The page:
10 Apr Black English Exacerbates Racist Practices in Justice System
Black English, which James Baldwin defines as a language separate form White Mainstream English, may pose barriers to justice for many Americans. Linguistics professor April Baker-Bell calls it “linguistic injustice.” Whatever the terminology, speaking Black English during police interviews or jury trials has major effects. Court reporters struggle to transcribe responses accurately. Attorneys exploit supposed confusion to twist testimony and defendant responses. This injustice mirrors ongoing struggles to move away from “standardized English” in academic settings.
Studies show numerous barriers to justice for Black English speakers.
The injustice around speaking Black English in court-related matters garnered attention in 2019. A study released that year highlights how the justice system punishes individuals who use Black English. Since then, though, the conversation has waned. In a justice system that feels like it targets Black communities, the issue warrants more attention.
Philadelphia Lawyers for Social Equity conducted a study about the effects of Black English in court. More specifically, researchers looked at accuracy in court transcriptions. According to their findings, court transcriptions could not paraphrase what they heard 77% of the time when witnesses used Black English. Moreover, 11% of the transcripts were incomprehensible to researchers. During the course of their research, court reporters illustrated presumptions of guilt with Black defendants. Some also told researchers that they wanted Black English speakers to use “better English” in the courtroom.
Taylor Jones, one of the researchers involved, explains that the issue at play is that court reporters’ transcripts become factual evidence. Though court reports must certify at 95% accuracy, that accuracy refers to transcribing the spoken language of lawyers and judges. When researchers tested accuracy using Black English speech, no transcriptionist reached 95% accuracy. The implication is terrifying. If court reporters cannot understand Black defendants, neither can lawyers or jury members. This presents a massive barrier to justice.
Court reporters show a lack of understanding for Black English syntax.
The full study, published by the Linguistic Society of America, points to alarming confusion. Court reporters receive no training on transcribing Black English. Despite this, some attempt to make corrections. Here are some examples from the study:
- Sentence: “I don’t even be feeling that.”
- Transcription: “I am be filling her.”
- Sentence: “He a delivery man.”
- Transcription: “He’s a leery man.”
- Sentence: “She be talkin’ ’bout ‘why your door always locked?’ “
- Transcription: “She be talking about why you do always lie.”
As these examples show, there is a vast difference between what Black English speakers say and what goes into court records. The connotation of a “leery man” is significant and implies guilt. In contrast, a “delivery man” is simply a service worker. Similarly, a locked door is very different from habitual lying.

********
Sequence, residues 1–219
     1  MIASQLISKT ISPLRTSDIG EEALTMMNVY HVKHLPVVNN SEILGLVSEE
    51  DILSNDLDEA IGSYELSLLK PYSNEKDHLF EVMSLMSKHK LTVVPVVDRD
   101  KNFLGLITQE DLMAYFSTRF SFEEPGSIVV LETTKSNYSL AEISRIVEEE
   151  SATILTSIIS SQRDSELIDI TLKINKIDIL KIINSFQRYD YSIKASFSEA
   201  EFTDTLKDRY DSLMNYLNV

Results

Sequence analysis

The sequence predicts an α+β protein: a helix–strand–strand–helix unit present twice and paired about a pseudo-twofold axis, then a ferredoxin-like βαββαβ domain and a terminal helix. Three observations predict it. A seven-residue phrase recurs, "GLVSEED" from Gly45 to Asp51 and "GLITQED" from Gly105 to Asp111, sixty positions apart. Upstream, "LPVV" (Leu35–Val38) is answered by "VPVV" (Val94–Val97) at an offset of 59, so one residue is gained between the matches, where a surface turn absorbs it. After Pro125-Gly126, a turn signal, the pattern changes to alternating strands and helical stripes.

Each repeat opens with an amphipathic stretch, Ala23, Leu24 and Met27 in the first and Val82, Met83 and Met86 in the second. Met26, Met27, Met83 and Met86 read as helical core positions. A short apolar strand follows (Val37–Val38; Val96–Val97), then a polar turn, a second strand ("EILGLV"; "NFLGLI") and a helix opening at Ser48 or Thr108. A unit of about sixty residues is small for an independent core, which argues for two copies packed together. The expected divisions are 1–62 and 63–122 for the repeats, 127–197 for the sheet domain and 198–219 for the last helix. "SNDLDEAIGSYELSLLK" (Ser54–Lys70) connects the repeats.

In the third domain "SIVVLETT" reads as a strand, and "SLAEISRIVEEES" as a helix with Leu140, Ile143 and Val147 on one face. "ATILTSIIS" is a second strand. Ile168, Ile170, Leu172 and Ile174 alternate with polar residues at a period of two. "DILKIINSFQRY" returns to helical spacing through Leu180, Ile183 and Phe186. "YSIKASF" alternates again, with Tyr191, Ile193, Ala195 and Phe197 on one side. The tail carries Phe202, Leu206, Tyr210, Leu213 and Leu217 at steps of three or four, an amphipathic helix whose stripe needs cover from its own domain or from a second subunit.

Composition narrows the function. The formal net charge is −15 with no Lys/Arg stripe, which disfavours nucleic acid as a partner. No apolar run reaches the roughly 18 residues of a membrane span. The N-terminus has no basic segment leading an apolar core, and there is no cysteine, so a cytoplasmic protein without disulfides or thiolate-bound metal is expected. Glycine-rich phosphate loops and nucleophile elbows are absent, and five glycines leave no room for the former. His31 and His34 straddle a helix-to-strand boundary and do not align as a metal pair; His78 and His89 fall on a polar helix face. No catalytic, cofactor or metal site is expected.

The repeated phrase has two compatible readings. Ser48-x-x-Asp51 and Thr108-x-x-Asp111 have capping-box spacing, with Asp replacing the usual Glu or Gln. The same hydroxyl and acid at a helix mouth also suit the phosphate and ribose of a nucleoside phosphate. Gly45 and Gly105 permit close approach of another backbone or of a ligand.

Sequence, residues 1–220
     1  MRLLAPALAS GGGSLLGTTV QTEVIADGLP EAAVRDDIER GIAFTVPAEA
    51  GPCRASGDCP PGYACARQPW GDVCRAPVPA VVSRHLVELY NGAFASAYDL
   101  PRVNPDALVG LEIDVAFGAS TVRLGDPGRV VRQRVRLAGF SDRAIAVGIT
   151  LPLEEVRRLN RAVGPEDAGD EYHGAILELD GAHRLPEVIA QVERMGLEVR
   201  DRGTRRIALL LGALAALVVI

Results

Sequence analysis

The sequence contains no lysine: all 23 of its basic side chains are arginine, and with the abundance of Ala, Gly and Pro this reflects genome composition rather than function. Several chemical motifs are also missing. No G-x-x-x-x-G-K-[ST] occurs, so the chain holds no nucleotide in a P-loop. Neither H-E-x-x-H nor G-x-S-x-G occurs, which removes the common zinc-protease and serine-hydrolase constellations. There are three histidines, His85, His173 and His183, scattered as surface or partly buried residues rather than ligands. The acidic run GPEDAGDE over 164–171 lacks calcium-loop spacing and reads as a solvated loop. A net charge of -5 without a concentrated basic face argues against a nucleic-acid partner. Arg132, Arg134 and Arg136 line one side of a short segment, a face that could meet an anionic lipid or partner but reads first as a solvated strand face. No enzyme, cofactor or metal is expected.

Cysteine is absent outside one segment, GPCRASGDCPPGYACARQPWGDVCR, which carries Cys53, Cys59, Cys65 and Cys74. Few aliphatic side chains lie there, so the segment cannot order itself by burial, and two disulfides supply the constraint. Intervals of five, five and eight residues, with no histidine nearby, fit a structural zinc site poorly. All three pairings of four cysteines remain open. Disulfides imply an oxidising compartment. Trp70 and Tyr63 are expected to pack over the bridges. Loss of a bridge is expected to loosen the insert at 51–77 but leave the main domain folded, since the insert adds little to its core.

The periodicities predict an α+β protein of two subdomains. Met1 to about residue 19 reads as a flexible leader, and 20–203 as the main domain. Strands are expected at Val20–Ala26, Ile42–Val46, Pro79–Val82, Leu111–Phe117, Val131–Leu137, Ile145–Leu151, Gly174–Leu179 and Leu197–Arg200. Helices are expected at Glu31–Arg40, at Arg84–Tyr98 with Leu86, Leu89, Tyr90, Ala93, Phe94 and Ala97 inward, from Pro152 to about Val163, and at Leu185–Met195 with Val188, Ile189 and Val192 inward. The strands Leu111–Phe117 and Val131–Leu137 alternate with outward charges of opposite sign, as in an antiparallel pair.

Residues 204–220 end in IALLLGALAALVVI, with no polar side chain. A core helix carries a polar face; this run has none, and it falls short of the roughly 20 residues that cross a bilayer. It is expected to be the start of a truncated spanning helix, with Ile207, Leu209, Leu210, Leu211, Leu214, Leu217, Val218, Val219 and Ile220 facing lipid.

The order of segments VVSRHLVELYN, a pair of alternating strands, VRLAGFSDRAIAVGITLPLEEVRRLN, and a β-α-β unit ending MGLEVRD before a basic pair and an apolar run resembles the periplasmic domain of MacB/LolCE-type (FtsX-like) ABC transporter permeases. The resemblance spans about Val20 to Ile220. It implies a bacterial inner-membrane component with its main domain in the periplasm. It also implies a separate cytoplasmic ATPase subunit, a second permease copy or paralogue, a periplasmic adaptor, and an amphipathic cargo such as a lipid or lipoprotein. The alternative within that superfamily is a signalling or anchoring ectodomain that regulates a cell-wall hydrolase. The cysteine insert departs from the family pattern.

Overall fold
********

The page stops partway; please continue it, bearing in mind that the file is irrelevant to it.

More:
The study presents a detailed breakdown of Black English syntax. The goal is to illustrate the shared meanings and rules understood by speakers of Black English and how court transcriptionists miscommunicate their language.
Additionally, the study quotes court reporters who display hostility toward Black English. “The tenses drive me crazy! He be workin’: what does that mean?!” one asked. “He is working? He works? [Or h]e does work? That drives me nuts!” This shows a distinct prejudice against Black English. But it also identifies the level of confusion court transcriptionists have when they encounter Black English.
Ultimately, the researchers conclude that the court system cannot offer justice when the verbatim transcripts inaccurately capture the spoken testimony of witnesses and defendants.
April Baker-Bell raises awareness about the extent of prejudice against Black English.
In her new book, Linguistic Justice, April Baker-Bell highlights how prejudice against Black English perpetuates larger issues of systemic racism. One of the issues, Baker-Bell argues, is that Black English is still not recognized as a language. “Despite there being decades of research on Black language, its survival since enslavement and its linguistic imprint on the nation and globe, Black people … keep having to remind (white) people that it is a legit language,” she explains.
Though her book comes more than fifty years after James Baldwin’s essay on the merits of Black English, she found that most educators do not recognize it.
With regard to the criminal justice system, the denial of Black English as a language means that transcriptionists never receive training in Black English. Thus, they are attempting to record a language they do not speak. In doing so, they misrepresent meaning and skew testimony. This can cause issues during jury trials and for those appealing their convictions. Changing our approach to transcription of Black English could drastically improve racist trends in sentencing and the criminal justice reform as a whole.